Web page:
Shatter Me by Tahere Mafi
Published November 15th 2011
Source: Borrowed it
Juliette hasn’t touched anyone in exactly 264 days.
The last time she did, it was an accident, but The Reestablishment locked her up for murder. No one knows why Juliette’s touch is fatal. As long as she doesn’t hurt anyone else, no one really cares. The world is too busy crumbling to pieces to pay attention to a 17-year-old girl. Diseases are destroying the population, food is hard to find, birds don’t fly anymore, and the clouds are the wrong color.
The Reestablishment said their way was the only way to fix things, so they threw Juliette in a cell. Now so many people are dead that the survivors are whispering war – and The Reestablishment has changed its mind. Maybe Juliette is more than a tortured soul stuffed into a poisonous body. Maybe she’s exactly what they need right now.
Juliette has to make a choice: Be a weapon. Or be a warrior.
This book is about Julliette, a 17-year-old girl who has a lethal touch. Every living being that she touches, dies. When the book starts, she’s been held captive for 264 days and a boy is thrown into her cell. His name is Adam and she remembers him from her distant childhood, even though he doesn’t seem to do so.
The first thing that you’ll notice in this book are the crossed phrases. They usually contain Julliette’s honest thoughts. It was weird in the beginning but as I kept reading the book, I got used to it. It was a different way of showing her true emotions and thoughts but it worked.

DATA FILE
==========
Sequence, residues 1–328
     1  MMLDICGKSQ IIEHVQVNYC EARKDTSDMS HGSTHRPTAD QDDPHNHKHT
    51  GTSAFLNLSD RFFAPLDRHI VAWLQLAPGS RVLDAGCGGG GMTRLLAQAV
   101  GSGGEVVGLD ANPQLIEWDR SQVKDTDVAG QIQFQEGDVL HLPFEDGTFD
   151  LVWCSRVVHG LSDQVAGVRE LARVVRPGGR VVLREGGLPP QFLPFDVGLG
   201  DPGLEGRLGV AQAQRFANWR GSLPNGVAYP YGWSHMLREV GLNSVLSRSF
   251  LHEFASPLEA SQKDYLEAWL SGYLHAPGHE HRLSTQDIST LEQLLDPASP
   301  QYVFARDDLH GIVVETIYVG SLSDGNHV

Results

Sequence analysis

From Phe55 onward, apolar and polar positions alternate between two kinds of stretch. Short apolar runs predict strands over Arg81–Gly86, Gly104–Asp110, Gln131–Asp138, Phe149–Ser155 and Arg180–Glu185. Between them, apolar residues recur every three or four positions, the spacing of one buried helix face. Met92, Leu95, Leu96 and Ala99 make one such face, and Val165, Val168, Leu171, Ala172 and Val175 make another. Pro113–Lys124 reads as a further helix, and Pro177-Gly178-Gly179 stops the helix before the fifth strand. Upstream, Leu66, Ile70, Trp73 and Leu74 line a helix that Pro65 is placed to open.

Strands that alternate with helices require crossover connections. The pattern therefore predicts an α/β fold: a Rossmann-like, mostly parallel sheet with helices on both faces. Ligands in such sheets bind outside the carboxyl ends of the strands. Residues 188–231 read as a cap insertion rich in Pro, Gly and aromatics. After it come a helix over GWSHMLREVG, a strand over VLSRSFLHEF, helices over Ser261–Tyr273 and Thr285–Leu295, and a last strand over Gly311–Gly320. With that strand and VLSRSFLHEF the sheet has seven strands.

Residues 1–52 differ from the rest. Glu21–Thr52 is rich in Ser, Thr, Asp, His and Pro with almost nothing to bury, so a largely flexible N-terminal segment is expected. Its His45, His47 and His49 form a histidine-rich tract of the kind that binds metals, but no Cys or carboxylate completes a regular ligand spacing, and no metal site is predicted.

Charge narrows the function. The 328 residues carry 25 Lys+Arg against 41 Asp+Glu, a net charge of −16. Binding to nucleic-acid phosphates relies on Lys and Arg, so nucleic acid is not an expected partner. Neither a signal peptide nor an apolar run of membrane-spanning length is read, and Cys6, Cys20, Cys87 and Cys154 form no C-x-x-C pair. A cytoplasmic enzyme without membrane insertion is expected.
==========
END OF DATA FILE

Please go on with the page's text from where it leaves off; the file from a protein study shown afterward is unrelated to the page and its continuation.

Julliette’s power was unusual, which is refreshing in a book like this. Julliette, though, wasn’t as interesting. Even with her lack of personality and with the fact that she half-starved when she was captive, every guy in her life wanted to date her (even her psychologist, Winston, a professional, thought she was attractive and couldn’t look at her when she dressed a latex suit).
Adam was the soldier that was thrown into her cell and, after she finally left it, he was responsible for her. His only characteristic was that he was completely devoted to Julliette and threatened everyone that wanted to harm her or that found her attractive.
Even with mediocre characters, the story kept me reading. It wasn’t that mind-blowing but it kept me going and it intrigued me enough to finish the book. The writing was odd and off-putting sometimes but I got used to it and, by the end, it didn’t bother me anymore.
So, if you’re into Young Adult dystopian book and, for some reason, haven’t picked up Shatter Me, maybe you should check it out. It wasn’t the best book in the world but it was still enjoyable.
Rating: 3 stars